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In Flashback, LOTRKing normally reviews a random back issue (in most instances, one he hasn’t read before) and attempts to make sense of both the story and its place in Marvel history. In this special edition, he has not chosen rondomly and will be reviewing a rare non-canon graphic novel by Stan Lee and Jack Kirby.

For those who know nothing about this graphic novel (I didn’t until reading it), it is a retelling of the Silver Surfer character by his two creators. Instead of throwing him into the Marvel Universe populated with superheroes, they tried to introduce him to the “real” world. Did they succeed? I’d say so. While this book may be a bit dated, it is definitely a Stan Lee/Jack Kirby tale. Stan Lee maintains his slightly quirky writing and occasionally flawed logic, yet he hits the soul of the Silver Surfer perfectly. Like his two part Silver Surfer: Parable tale of the eighties (I’ll get around to doing that on Flashback one of these days) this is an introspective and interesting look at humanity from the eyes of a noble non-human character.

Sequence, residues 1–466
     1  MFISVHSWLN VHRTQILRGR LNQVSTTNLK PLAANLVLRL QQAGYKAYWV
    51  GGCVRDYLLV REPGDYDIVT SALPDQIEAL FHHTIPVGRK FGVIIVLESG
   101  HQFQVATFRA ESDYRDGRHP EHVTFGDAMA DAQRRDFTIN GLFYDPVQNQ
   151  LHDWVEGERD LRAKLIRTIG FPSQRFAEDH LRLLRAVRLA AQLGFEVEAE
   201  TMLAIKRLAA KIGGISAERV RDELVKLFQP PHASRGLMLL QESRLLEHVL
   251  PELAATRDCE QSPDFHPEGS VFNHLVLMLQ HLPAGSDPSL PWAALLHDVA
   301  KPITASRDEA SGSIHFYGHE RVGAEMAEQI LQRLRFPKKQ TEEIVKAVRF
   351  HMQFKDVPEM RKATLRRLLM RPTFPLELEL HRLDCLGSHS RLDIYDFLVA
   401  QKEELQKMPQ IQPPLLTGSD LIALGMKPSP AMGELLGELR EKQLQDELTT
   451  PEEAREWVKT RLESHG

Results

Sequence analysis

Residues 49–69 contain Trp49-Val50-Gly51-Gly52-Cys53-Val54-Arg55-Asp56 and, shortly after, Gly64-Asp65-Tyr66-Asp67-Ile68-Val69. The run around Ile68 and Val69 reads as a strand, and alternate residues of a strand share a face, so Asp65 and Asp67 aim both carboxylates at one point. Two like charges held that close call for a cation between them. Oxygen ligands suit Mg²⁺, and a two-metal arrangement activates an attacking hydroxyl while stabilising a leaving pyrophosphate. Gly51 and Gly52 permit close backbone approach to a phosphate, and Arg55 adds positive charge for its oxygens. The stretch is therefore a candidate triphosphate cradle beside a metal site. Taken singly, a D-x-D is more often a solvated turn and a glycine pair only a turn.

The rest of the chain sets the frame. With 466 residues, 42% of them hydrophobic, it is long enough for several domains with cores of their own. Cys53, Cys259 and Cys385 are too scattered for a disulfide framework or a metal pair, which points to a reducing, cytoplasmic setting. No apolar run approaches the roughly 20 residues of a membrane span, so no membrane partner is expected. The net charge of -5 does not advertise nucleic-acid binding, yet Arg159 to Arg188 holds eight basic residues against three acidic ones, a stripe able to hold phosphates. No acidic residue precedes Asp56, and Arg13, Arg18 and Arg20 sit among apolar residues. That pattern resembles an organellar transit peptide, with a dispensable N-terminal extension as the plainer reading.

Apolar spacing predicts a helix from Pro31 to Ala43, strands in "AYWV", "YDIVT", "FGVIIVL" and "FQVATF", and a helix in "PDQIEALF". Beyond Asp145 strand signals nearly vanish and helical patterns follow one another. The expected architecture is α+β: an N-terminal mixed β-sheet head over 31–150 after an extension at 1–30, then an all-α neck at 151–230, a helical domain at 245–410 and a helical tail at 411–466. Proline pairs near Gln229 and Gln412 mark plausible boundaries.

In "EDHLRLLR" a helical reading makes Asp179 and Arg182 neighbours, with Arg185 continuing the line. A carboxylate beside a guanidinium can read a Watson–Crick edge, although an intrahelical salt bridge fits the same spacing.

Like his original appearance in the Fantastic Four, Silver Surfer is here the herald of Galactus, devourer of worlds. After finding Earth, he realizes that it is much like his old home Zenn-La, which causes him to regain much of his conscience. Refusing to allow Galactus to destroy a world populated by such a young and thriving race, he confronts Galactus and after an almost-futile battle, Galactus spares Earth, but exiles Norrin there. As Norrin learns about his new home and its natives, we get the earlier mentioned look and the good and bad aspects of humanity.